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admit advantage agricultural allowed amount appear authority Bank become British called capital carried cause cent character circulation circumstances classes colors commodities consequence considered consumers continue corn Cortes critic currency debt demand depreciation distress duty effect employed employment equal established exchange existing experiment exportation fact farmer foreign funds give given gold greater hands importation income increase industry interest issue labor land latter less manner manufactures means measure millions nature necessary never notes object observe obtain opinion persons population pounds present principle probable produce profit proportion prove purchase quantity raise reason receive reduced render rent respect saving shillings silver specie sufficient supply suppose taken thing tion trade true wealth whole
Page 125 - I shall detain you no longer in the demonstration of what we should not do, but straight conduct you to a hill-side, where I will point you out the right path of a virtuous and noble education; laborious indeed at the first ascent, but else so smooth, so green, so full of goodly prospect and melodious sounds on every side, that the harp of Orpheus was not more charming.
Page 356 - Whosoever shall put away his wife, let him give her a writing of divorcement: but I say unto you, That whosoever shall put away his wife, saving for the cause of fornication, causeth her to commit adultery: and whosoever shall marry her that is divorced committeth adultery.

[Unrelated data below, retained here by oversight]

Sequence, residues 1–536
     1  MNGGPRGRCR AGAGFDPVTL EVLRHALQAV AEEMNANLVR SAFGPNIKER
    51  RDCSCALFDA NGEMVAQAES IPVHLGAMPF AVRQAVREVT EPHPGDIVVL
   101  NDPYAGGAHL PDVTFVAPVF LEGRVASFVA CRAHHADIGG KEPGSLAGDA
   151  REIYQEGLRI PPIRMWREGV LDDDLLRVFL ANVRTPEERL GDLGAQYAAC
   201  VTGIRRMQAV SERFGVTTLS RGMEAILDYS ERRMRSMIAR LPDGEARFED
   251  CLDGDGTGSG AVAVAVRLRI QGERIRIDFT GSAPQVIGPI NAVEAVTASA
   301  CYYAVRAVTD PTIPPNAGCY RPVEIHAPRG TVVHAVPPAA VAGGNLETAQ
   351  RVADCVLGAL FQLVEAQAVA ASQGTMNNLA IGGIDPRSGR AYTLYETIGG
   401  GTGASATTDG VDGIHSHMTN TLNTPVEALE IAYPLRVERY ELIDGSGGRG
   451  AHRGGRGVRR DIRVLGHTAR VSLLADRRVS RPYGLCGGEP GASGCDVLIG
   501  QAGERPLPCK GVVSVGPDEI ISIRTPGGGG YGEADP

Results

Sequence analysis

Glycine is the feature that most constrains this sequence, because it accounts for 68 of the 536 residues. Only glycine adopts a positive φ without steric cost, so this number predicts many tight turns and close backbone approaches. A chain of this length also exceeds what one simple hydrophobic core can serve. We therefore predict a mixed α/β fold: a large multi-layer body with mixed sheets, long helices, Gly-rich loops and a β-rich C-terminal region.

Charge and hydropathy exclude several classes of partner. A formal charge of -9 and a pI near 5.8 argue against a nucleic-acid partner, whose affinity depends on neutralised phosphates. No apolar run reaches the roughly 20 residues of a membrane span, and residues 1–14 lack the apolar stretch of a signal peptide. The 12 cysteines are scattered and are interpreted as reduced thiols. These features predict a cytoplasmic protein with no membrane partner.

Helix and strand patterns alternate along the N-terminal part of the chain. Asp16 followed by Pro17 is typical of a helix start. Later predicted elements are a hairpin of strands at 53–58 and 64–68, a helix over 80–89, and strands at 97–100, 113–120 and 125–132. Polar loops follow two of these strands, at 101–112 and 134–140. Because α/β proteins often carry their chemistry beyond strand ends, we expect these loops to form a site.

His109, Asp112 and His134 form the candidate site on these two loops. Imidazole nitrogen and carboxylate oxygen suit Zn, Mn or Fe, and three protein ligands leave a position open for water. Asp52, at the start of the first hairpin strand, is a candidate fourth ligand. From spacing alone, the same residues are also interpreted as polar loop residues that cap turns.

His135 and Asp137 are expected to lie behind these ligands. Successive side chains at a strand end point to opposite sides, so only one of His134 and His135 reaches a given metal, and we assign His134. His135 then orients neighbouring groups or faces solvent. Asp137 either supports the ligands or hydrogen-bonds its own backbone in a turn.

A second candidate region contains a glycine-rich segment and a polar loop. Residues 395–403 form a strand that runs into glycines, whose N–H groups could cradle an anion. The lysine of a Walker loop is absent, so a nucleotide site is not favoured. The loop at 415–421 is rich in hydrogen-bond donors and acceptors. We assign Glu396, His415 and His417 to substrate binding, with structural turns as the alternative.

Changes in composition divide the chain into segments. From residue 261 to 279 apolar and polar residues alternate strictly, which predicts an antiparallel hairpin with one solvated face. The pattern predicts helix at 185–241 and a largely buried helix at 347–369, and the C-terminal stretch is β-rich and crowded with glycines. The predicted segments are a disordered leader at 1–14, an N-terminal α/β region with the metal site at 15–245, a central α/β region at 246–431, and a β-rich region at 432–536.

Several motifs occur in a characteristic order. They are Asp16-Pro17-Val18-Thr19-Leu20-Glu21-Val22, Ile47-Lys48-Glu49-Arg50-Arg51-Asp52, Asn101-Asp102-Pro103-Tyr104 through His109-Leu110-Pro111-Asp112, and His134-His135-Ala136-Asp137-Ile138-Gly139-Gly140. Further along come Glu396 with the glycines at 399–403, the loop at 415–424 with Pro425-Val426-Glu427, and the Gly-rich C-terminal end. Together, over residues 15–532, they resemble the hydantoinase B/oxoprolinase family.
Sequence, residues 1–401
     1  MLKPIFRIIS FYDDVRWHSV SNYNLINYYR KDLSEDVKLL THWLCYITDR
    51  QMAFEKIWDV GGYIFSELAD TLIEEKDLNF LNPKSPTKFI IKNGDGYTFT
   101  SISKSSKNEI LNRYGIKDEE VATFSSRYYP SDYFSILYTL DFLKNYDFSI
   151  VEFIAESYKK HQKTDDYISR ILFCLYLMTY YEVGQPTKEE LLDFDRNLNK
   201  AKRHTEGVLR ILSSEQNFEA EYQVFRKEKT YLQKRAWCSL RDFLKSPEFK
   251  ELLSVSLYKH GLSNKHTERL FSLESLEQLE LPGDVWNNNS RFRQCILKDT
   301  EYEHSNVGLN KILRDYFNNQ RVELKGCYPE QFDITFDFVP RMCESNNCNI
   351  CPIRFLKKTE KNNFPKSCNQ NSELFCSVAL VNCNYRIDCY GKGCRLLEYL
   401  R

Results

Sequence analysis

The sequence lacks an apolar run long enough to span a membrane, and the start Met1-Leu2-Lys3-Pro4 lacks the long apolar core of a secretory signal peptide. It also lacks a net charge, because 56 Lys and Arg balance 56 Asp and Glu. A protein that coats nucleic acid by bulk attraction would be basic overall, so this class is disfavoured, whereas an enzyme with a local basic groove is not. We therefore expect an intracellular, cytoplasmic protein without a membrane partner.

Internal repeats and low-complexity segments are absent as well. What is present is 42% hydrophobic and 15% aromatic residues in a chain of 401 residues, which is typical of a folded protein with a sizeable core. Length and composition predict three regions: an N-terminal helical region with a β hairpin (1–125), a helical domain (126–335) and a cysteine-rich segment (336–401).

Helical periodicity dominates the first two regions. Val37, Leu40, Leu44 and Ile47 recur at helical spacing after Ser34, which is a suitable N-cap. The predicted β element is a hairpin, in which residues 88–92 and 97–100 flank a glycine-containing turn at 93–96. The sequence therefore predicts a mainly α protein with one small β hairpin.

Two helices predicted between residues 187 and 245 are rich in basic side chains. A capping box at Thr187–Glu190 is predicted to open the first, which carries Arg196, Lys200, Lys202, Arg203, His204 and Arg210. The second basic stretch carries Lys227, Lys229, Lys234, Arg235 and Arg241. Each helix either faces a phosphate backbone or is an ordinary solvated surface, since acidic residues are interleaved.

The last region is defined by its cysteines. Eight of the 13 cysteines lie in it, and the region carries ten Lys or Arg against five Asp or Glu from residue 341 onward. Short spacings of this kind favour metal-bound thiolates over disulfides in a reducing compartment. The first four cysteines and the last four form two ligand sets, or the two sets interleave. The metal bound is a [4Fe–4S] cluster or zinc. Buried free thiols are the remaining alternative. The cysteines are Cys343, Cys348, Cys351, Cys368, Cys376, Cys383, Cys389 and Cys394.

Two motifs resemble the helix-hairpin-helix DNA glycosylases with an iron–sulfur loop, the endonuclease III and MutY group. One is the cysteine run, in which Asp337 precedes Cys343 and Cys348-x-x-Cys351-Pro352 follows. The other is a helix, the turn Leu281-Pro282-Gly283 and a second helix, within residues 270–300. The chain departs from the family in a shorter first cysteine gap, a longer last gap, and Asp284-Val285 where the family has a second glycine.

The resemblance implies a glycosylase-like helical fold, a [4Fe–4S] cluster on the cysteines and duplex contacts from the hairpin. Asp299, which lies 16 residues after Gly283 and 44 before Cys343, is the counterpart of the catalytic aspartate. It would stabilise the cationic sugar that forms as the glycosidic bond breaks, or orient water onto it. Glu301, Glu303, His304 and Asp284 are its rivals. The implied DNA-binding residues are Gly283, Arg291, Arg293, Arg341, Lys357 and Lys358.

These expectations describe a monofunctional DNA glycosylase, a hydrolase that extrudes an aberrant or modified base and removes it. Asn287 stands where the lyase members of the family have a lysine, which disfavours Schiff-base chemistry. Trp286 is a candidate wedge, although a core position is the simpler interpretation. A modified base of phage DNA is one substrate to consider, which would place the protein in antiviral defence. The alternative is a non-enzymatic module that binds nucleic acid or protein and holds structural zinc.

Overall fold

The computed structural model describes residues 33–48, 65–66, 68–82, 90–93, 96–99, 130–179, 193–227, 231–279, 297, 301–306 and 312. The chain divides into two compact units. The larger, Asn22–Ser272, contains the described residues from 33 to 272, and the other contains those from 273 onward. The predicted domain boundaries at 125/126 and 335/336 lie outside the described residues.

Page 348 - And the LORD God said, it is not good that the man should be alone ; I will make him an help meet for him.
Page 360 - So then he that giveth her in marriage doeth well ; but he that giveth her not in marriage doeth better. 39 The wife is bound by the law as long as her husband liveth; but if her husband be dead, she is at liberty to be married to whom she will; only in the Lord.
Page 194 - Let nothing be done through strife or vain-glory, but in lowliness of mind let each esteem other better than themselves.
Page 359 - And unto the married I command, yet not I, but the Lord, Let not the wife depart from her husband : but and if she depart, let her remain unmarried, or be reconciled to her husband ; and let not the husband put away his wife.
Page 353 - When a man hath taken a wife, and married her, and it come to pass that she find no favour in his eyes, because he hath found some uncleanness in her: then let him write her a bill of divorcement, and give it in her hand, and send her out of his house.
Page 124 - ... grounding their purposes not on the prudent and heavenly contemplation of justice and equity, which was never taught them, but on the promising and pleasing thoughts of litigious terms, fat contentions, and flowing fees...